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Visiting Info
Opening Hours:

Sunday to Thursday: ‬09:00-17:00

Fridays and Holiday eves: ‬09:00-14:00

Yad Vashem is closed on Saturdays and all Jewish Holidays.

Entrance to the Holocaust History Museum is not permitted for children under the age of 10. Babies in strollers or carriers will not be permitted to enter.

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Ceremony Posthumously Honoring Polish Righteous Among the Nations in the Presence of their Family

29 January 2018

Tomorrow afternoon, Tuesday, 30 January 2018, Yad Vashem, the World Holocaust Remembrance Center, will host a ceremony posthumously honoring Sabina Perzyna (previously Dziadosz), her husband Jan Dziadosz and their son Aleksandr Dziadosz from Poland as Righteous Among the Nations. Director of the Righteous Among the Nations Department at Yad Vashem Irena Steinfeldt will present the medal and certificate of honor to Alicja Mularska, the daughter of the late Jan Dziadosz and Sabina Perzyna, on behalf of Yad Vashem, the State of Israel and the Jewish people.

A representative from the Polish Embassy, First Secretary Piotr Kozłowski, will attend the ceremony, which will start at 11:00 and will be conducted in Polish. Media interested in covering this event should contact simmy.allen@yadvashem.org.il and arrive on Tuesday by 10:45 with valid GPO card.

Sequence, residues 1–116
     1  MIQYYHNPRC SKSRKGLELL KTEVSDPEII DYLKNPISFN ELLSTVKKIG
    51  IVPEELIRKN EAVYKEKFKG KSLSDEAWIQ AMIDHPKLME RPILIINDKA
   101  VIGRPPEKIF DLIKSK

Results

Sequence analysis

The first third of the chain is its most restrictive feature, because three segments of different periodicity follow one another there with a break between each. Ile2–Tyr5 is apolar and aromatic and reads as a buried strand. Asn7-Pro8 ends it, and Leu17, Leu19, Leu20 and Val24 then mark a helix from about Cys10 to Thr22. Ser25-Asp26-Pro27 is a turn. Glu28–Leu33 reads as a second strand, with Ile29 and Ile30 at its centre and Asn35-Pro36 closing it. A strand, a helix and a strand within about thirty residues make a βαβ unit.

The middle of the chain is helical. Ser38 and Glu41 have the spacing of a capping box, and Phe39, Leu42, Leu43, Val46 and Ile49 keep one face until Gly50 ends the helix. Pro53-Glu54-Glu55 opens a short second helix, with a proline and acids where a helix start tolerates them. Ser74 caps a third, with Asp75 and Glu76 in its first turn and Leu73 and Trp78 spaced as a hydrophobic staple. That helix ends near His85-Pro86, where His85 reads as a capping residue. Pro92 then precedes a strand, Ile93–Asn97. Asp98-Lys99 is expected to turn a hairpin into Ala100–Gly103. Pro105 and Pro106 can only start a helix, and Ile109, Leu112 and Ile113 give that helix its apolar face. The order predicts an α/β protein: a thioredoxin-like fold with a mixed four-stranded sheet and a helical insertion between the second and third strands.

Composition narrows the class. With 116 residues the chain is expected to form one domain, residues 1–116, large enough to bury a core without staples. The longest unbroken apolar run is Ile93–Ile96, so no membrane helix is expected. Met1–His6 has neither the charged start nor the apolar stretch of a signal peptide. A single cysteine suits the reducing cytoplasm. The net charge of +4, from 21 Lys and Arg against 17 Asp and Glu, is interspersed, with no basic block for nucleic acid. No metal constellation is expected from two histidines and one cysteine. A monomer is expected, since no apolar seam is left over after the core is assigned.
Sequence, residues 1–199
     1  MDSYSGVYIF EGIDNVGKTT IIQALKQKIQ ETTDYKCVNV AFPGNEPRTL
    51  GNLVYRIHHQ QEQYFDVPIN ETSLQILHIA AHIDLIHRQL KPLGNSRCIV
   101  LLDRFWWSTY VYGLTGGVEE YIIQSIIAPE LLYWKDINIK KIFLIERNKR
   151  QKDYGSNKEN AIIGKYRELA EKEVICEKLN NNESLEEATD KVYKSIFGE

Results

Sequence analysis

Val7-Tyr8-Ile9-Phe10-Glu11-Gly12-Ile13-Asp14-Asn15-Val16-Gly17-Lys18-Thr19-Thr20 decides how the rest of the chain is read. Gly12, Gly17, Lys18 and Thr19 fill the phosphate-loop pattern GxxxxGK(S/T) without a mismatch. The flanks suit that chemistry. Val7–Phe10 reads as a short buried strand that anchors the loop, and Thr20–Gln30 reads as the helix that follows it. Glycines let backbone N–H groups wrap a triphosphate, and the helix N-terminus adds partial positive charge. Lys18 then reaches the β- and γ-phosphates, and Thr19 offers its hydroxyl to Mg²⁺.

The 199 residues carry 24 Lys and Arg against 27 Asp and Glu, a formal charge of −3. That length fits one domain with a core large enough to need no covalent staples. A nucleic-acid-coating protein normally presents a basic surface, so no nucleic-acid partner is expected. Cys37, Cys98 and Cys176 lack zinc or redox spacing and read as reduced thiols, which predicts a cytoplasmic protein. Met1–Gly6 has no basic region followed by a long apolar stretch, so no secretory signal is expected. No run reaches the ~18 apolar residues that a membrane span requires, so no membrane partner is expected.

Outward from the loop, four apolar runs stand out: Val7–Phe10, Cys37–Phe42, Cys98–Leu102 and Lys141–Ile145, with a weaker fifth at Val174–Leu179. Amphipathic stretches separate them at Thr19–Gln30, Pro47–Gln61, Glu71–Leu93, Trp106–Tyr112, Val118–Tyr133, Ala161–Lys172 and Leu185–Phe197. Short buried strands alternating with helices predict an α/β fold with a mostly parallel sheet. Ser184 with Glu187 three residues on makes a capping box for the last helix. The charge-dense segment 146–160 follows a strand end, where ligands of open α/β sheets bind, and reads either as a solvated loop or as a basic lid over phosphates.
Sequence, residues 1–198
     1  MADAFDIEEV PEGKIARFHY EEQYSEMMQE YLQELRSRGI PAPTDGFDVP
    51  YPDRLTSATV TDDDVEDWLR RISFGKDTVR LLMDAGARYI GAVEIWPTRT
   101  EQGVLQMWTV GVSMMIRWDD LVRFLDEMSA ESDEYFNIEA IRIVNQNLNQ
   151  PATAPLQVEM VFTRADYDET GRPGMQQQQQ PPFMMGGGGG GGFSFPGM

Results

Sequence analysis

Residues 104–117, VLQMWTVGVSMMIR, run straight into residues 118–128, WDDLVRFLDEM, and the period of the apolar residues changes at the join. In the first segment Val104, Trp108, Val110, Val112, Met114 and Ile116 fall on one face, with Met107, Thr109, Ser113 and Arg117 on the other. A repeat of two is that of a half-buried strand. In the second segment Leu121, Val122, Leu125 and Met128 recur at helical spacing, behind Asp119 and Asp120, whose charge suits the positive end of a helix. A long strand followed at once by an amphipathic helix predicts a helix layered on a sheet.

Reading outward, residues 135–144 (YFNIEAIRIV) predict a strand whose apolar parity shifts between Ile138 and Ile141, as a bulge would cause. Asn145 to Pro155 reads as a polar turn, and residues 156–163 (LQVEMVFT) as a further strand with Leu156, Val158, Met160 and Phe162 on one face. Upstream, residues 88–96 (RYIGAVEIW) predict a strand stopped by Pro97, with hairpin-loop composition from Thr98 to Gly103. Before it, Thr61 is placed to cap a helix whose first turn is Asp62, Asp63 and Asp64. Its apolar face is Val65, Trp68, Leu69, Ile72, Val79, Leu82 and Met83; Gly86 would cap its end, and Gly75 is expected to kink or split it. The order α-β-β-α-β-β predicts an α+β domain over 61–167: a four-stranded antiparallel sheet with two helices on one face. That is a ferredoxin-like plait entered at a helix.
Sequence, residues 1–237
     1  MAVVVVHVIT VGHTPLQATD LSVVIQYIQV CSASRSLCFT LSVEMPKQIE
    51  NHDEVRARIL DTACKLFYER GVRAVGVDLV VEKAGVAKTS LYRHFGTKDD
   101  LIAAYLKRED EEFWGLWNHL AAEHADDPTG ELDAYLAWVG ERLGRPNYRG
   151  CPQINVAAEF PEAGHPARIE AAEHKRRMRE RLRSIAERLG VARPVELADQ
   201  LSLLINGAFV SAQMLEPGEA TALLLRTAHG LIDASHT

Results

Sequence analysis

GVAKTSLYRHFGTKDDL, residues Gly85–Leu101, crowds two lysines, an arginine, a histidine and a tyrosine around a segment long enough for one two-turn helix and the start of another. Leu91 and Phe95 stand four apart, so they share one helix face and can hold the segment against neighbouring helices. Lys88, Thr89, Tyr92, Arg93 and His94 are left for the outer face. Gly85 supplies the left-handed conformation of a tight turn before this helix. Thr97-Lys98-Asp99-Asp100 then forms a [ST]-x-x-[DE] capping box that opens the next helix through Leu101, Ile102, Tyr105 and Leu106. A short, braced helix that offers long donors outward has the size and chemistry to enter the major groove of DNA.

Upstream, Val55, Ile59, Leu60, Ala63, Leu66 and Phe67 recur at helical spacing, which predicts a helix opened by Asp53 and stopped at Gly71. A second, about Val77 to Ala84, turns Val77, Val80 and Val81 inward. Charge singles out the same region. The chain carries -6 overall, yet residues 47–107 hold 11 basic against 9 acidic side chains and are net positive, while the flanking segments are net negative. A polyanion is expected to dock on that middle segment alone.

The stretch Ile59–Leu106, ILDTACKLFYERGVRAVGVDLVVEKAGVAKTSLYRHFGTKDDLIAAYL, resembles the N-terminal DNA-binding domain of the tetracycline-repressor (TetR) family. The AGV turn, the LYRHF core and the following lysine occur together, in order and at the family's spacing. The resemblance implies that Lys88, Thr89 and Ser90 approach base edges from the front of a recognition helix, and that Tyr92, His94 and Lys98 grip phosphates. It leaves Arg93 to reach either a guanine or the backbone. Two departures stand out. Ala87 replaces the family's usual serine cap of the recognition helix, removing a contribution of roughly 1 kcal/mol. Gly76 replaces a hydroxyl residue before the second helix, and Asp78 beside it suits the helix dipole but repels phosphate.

The names of Sabina Perzyna, Jan Dziadosz and Aleksandr Dziadosz will be added to the Wall of Honor in the Garden of the Righteous Among the Nations at Yad Vashem.

The Rescue Story:

During WWII, the Dziadosz family lived in Modliborzyce in the Lublin district of Poland. They were known to help people in need regardless of their religion or nationality. After Jan became seriously ill, Sabina offered Felek (William) Toytman, a Jewish friend of her son, Aleksandr, a job on their farm. When the situation of Jews became more precarious, Sabina convinced Toytman to go into hiding in the attic of her cowshed.

The Dziadosz family also hid Albert Spivak, a Jewish acquaintance from Modliborzyce. Spivak had served in the Polish Army, was captured by the Germans and escaped twice from German camps in Brest-Litovsk and Krasnik, eventually finding shelter with the Dziadosz family. Spivak and Toytman stayed in hiding until they decided to join the partisans in the nearby woods. However, they came back to the Dziadosz farm for help on several occasions. After the war, Toytman and Spivak emigrated from Poland. Toytman kept in touch with the Dziadosz family and visited them in 1975, but eventually the two families lost touch.

On 5 June 2017, Yad Vashem recognized Sabina Perzyna, Jan Dziadosz and their son Aleksandr Dziadosz as Righteous Among the Nations.

To date, Yad Vashem has recognized over 26,500 Righteous Among the Nations – non-Jews who risked their lives to save Jews during the Holocaust. For more information about the Righteous Among the Nations program >>>